Failing, Succeeding, Pausing, Deciding and Thriving with Chronic Illness


Today, I’m writing about some prompts that were given to chronic illness bloggers at A Chronic Voice‘s monthly chronic illness link-up party. Thank you, Sheryl!

The writing prompts we were given for this month are: Failing, Succeeding, Pausing, Deciding, and Thriving with chronic illness.

I’d like to start by observing my last post which was about receiving my Ankylosing Spondylitis diagnosis over a decade ago. I celebrated that milestone with a new article called Ankylosing Spondylitis – 10 Years After Diagnosis. Today I’m moving forward with Sheryl’s writing prompts and acknowledging that what happened to me last year almost destroyed me.

I never thought about how much my life would change with just two words from a doctor and I never thought that ten years later, I’d be in the situation I’m in right now – which is surviving.

If not for my decision to take a break and then go back into the system to find a new rheumatologist in October, I’m not sure where I’d be right now. I’d likely be worse than I was last year.


Failing with Chronic Illness 

After the madness of Christmas, New Year’s and Lunar New Year, my life basically ground to a halt. The extra holiday activity plus the depression I experience over the holiday season resulted in two massive flares in January and February 2019.

When I do too much, I always end up creating extra work for myself. I struggle with the perfectionist in me because that tendency to pay attention to all the extra details is always my downfall. I’m trying to learn to live imperfectly. So far, I haven’t done a great job with this, but I’m working on it.

I’m also really bad at saying no to people, and I admit that I sometimes allow people to take advantage of this with me. I’ve decided this isn’t going to happen anymore and actively set a resolution in September 2018 to just SAY NO.

Failing to say no to certain activities or events or even to people who want something from me almost always results in flare activity from extra stress and too much extra physical activity.

As soon as I allowed myself to start saying no, I felt more empowered. It felt good not having to worry about figuring out how to get around at another event or helping people out when it’s risking my own personal health.

Additionally, I see now that I failed in 2018 to stay positive and keep my eyes on the light at the end of the tunnel. It’s very easy to get lost with yourself when you’re in never-ending pain. I know I lost myself a bit last year and turned down everything from freelance opportunities, outings with friends; and worst of all, I didn’t give much thought to how my husband was coping with me being so sick.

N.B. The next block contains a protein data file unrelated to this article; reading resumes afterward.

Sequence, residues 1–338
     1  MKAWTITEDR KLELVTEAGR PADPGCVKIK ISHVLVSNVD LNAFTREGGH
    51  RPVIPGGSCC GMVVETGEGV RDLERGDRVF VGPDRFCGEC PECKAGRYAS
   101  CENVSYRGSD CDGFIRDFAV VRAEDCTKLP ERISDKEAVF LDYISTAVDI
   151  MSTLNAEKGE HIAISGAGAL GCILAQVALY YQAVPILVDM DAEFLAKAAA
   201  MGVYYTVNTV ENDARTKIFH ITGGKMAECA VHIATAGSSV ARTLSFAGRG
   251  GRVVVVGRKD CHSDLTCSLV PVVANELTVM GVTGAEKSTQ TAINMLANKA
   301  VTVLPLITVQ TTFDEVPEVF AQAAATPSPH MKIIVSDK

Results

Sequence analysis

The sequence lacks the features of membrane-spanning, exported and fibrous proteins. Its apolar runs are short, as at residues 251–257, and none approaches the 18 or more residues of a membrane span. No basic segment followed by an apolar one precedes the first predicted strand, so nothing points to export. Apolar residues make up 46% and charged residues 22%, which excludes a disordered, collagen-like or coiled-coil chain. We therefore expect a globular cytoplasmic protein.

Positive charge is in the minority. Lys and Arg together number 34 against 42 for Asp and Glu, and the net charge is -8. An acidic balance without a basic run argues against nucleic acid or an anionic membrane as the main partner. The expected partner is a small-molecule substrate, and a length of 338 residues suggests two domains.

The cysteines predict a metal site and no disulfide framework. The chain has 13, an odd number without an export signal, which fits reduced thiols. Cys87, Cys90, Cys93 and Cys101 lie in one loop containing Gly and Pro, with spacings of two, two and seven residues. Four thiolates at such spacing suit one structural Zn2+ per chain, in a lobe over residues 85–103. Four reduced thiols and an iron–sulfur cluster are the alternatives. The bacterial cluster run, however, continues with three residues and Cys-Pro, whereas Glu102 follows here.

Now that I’m feeling a little better, I’m working on these things and paying more attention to myself and especially to my husband, who is my best friend and also my primary caretaker.

How do I make him feel like more of a husband and less of a caretaker? I’m not sure. I’m really struggling to find a way to highlight the positives in our relationship instead of him always having to worry about the negatives of me being sick.

Succeeding with Chronic Illness

The two things I’m most proud of at succeeding at last year are my diet reset and FINALLY realizing that I must say start saying NO more often.

In regards to my diet reset, I started playing around with my diet by doing elimination diets in 2011. I can’t tell you how many books I’ve read on autoimmune diets and gut health (although this link will give you an idea if you’re interested) or how many cleanses and elimination diets I’ve tried in the past eight years.

I cut refined sugars, dairy, bread, soft cheeses, soda, and processed foods out of my diet completely in 2015, but it became clear in 2017 that I needed to take it further.

In 2017, I realized my gut health was a huge issue and resetting my gut flora became an obstacle that I needed to conquer.

In December 2017, an opportunity came my way via a local organic farmer by the name of Pierre Loisel Sr. He convinced me to move to an organic vegetable diet and I started eating his microbe-rich veggies that month.

To this day, I start every day with a smoothie and giant bowl of greens that is loaded with nuts and dressed in homemade salad dressing made from refined, cold-pressed olive oil. Pierre was convinced I’d see improvement in three months. Having had success with patients with lupus, Crohns’, and strokes, he felt sure that his veggies would reset my GI tract with good bacteria. By loading my gut with good bacteria, I was upsetting the bad bacteria that were thriving in my gut because of all the meds I was on. It turns out he was right!

This is what I looked like in January 2018 after spending a month eating my friend’s organic veggies. The photo in my header for this article is what I look like today.

At first, I lost weight rapidly. There is a huge difference in how I look now versus how I looked at this time last year. Within three months of staying on this diet, I started noticing less bloating, less stomach pain, less problems with constipation, and overall, a better sense of well being with my gut.

Within eight months, I dropped my GI doctor completely along with all the meds he had me on to protect my stomach and to help with my GI issues.

My persistence with this organic veggie diet has paid off. I’ve finally found a diet that works well for me. Overall, this has meant less medications and I cannot believe the change in my stomach. As long as I start my day off on his veggies, I can even have a cheat day or two every once in a blue moon.